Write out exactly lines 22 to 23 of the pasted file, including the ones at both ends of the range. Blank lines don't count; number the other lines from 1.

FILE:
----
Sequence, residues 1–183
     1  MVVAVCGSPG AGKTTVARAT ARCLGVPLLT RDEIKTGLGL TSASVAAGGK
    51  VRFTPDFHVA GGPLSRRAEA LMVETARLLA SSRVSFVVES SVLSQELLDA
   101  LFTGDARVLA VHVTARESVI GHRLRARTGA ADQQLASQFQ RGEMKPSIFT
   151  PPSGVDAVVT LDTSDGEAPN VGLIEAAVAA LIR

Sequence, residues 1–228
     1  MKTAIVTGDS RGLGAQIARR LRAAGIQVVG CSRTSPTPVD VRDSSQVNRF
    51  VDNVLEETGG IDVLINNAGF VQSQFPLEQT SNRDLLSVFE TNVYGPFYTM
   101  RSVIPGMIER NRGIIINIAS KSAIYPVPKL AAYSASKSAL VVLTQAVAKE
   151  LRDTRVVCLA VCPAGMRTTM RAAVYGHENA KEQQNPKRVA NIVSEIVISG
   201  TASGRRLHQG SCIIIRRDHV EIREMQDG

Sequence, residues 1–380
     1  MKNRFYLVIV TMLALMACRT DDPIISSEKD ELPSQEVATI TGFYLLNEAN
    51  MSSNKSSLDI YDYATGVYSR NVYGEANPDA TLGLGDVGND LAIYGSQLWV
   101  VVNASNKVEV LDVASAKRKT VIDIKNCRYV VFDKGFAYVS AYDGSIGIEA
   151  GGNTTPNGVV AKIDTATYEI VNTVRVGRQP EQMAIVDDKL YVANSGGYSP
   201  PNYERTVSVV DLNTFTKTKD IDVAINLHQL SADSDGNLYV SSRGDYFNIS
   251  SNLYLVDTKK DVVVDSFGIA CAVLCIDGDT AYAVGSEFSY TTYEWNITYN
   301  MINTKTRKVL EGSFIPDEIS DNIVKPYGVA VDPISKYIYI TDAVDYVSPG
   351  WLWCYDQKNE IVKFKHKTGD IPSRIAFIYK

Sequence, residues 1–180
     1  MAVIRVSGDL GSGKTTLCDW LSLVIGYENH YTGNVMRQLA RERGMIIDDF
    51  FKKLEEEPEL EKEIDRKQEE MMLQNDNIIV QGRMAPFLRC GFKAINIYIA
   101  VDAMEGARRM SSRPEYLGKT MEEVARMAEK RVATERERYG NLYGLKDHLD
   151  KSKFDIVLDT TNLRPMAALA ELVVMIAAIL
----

     1  MAVIRVSGDL GSGKTTLCDW LSLVIGYENH YTGNVMRQLA RERGMIIDDF
    51  FKKLEEEPEL EKEIDRKQEE MMLQNDNIIV QGRMAPFLRC GFKAINIYIA